To say he’s got a lot to talk about may be the greatest understatement of the century.
Former Tour de France champion Jan Ullrich of Germany appears ready to come clean at last and confess to doping in his career, his manager Falk Nier suggested on Tuesday ahead of an expected Court of Arbitration for Sport ruling on the rider.
The ruling cycling body UCI and the World Anti-Doping Agency have appealed a ruling before the CAS from the Swiss federation to end investigations against Ullrich on whether he was a client of Spanish doctor Eufemiano Fuentes who is to have supplied riders with doping substances.
The CAS said in the past that a ruling in the case against Ullrich, who competed with a Swiss licence because he lived in the country, should be made by Wednesday (November 30).
Ullrich manager Falk Nier said that Ullrich may follow former Telekom (and T-Mobile) team-mates such as Eric Zabel and Bjaerne Riis and admit to have used forbidden substances during his career highlighted by the 1996 Tour title.
“That could happen in any case, regardless how the CAS decides,” Nier told dpa.
Read the rest: Jan Ullrich to come clean?
As I wrote, poorly, in the Velonews commentary earlier this morning, “If Jan Ullrich admits what many of [us] already suspect, it will make the supposedly ‘clean’ accomplishments of Lance Armstrong that much more unbelievable.”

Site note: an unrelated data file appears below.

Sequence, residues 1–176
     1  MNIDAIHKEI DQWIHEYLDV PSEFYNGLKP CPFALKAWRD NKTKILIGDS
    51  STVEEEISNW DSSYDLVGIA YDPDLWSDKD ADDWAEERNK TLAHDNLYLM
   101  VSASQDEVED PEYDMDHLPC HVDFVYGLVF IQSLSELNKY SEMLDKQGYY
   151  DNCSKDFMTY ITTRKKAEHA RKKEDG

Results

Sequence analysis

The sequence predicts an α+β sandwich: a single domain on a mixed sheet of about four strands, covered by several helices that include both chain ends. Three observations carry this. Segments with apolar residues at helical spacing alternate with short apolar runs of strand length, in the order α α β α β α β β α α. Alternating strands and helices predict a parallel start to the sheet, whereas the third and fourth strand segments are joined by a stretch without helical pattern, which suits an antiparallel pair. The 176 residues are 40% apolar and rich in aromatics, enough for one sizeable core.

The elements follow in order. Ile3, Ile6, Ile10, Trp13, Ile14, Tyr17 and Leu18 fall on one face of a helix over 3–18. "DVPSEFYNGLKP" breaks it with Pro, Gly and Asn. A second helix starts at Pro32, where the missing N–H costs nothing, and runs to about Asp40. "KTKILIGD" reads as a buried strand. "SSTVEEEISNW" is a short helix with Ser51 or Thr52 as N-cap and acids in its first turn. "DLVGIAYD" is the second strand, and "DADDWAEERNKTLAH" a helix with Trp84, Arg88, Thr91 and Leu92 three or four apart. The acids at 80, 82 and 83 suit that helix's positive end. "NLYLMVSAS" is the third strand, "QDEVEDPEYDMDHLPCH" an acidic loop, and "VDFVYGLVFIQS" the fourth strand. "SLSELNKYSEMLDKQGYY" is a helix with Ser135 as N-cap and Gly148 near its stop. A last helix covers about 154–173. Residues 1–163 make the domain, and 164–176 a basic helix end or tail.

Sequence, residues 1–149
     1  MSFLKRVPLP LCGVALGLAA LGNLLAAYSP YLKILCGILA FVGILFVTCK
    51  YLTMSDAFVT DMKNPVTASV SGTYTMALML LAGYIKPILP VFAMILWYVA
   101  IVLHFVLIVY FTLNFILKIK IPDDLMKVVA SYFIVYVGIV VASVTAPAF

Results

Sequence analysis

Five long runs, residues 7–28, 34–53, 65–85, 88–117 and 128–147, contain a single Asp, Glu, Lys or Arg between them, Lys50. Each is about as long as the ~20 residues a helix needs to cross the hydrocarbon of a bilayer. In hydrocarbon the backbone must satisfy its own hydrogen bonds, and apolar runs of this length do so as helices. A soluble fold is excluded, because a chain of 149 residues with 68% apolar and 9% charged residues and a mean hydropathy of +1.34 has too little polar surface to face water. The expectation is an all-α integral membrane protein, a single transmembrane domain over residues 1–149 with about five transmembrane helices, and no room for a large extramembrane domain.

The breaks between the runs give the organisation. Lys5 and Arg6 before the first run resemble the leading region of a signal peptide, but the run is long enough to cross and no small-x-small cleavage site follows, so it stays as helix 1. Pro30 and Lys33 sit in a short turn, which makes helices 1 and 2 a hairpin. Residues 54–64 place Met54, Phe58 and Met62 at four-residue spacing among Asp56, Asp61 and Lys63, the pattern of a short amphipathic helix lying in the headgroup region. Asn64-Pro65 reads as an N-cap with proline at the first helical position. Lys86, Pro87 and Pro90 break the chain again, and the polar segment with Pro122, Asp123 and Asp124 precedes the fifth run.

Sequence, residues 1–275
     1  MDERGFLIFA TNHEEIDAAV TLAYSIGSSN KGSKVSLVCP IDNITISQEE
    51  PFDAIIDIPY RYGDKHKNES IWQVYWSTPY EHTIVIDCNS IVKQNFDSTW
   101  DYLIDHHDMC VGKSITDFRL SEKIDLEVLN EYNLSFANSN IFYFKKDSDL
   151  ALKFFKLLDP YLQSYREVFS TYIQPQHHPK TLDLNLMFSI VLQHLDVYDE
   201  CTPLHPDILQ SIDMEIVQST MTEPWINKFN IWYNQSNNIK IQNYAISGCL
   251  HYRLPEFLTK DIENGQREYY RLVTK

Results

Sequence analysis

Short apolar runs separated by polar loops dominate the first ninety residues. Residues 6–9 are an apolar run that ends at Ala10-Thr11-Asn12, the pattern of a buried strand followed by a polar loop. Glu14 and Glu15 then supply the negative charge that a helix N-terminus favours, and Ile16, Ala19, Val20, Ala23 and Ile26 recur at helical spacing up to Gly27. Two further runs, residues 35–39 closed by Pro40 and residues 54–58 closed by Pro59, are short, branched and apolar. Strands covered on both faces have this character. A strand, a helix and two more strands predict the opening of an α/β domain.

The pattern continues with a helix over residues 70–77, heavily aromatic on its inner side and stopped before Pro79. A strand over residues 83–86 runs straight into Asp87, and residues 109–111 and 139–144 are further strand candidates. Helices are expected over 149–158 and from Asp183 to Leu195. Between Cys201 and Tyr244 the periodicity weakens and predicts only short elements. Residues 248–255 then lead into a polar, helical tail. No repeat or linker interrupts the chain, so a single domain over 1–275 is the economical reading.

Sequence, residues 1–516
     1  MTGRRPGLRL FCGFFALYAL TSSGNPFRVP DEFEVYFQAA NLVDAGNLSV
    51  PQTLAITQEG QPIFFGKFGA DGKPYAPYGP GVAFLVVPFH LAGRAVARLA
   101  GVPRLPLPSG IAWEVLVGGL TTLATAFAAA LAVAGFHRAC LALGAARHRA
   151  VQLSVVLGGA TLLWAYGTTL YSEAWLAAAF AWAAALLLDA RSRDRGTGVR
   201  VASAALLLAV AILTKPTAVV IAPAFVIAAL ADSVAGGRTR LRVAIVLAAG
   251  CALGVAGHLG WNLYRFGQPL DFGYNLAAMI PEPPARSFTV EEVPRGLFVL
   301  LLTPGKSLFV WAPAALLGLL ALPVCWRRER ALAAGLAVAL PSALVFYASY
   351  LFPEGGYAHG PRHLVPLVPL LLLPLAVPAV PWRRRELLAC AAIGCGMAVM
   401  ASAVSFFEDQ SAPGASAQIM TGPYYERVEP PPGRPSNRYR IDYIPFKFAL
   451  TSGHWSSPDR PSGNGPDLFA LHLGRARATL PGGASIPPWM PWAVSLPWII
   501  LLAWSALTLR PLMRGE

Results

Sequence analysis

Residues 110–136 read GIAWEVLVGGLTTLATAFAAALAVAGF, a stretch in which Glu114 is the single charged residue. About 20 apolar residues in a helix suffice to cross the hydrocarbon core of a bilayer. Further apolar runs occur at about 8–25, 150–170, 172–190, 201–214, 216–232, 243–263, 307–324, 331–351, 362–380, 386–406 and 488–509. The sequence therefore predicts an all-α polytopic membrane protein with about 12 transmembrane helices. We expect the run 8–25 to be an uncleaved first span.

L.A. clearly suffers from an inability to admit wrongdoing, if not outright narcissistic personality disorder. (See http://narcissisticpersonalitydisorder.org/.) There is no good way out of his present position. He has, quite literally, painted himself into a corner.
The Velonews article is a fair bit shorter than the Sport24.com piece linked above. That alone pretty much explains my choice. It is also paired with a story about David Millar (much respect), which seems to have dominated the majority of the comments left. And that is good reason enough to mention it in this post.by